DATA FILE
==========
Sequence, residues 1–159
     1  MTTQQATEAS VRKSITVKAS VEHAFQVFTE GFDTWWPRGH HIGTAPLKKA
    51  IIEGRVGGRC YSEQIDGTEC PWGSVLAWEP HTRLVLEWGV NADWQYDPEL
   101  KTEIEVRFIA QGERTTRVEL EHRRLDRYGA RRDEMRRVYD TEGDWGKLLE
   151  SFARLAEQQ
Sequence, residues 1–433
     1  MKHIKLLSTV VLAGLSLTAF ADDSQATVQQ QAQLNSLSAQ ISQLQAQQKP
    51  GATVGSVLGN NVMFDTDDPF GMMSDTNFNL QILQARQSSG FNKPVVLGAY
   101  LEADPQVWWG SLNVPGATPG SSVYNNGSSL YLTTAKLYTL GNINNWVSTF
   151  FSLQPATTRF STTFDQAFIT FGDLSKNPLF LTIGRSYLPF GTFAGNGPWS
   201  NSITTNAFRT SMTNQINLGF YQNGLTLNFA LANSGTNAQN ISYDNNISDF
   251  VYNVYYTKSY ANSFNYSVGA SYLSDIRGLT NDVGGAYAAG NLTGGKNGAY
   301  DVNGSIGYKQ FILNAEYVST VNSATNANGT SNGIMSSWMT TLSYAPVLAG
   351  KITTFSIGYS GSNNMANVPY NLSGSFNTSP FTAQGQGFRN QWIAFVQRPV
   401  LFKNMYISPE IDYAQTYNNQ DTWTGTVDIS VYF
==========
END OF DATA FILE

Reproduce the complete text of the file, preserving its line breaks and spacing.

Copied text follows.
Sequence, residues 1–159
     1  MTTQQATEAS VRKSITVKAS VEHAFQVFTE GFDTWWPRGH HIGTAPLKKA
    51  IIEGRVGGRC YSEQIDGTEC PWGSVLAWEP HTRLVLEWGV NADWQYDPEL
   101  KTEIEVRFIA QGERTTRVEL EHRRLDRYGA RRDEMRRVYD TEGDWGKLLE
   151  SFARLAEQQ
Sequence, residues 1–433
     1  MKHIKLLSTV VLAGLSLTAF ADDSQATVQQ QAQLNSLSAQ ISQLQAQQKP
    51  GATVGSVLGN NVMFDTDDPF GMMSDTNFNL QILQARQSSG FNKPVVLGAY
   101  LEADPQVWWG SLNVPGATPG SSVYNNGSSL YLTTAKLYTL GNINNWVSTF
   151  FSLQPATTRF STTFDQAFIT FGDLSKNPLF LTIGRSYLPF GTFAGNGPWS
   201  NSITTNAFRT SMTNQINLGF YQNGLTLNFA LANSGTNAQN ISYDNNISDF
   251  VYNVYYTKSY ANSFNYSVGA SYLSDIRGLT NDVGGAYAAG NLTGGKNGAY
   301  DVNGSIGYKQ FILNAEYVST VNSATNANGT SNGIMSSWMT TLSYAPVLAG
   351  KITTFSIGYS GSNNMANVPY NLSGSFNTSP FTAQGQGFRN QWIAFVQRPV
   401  LFKNMYISPE IDYAQTYNNQ DTWTGTVDIS VYF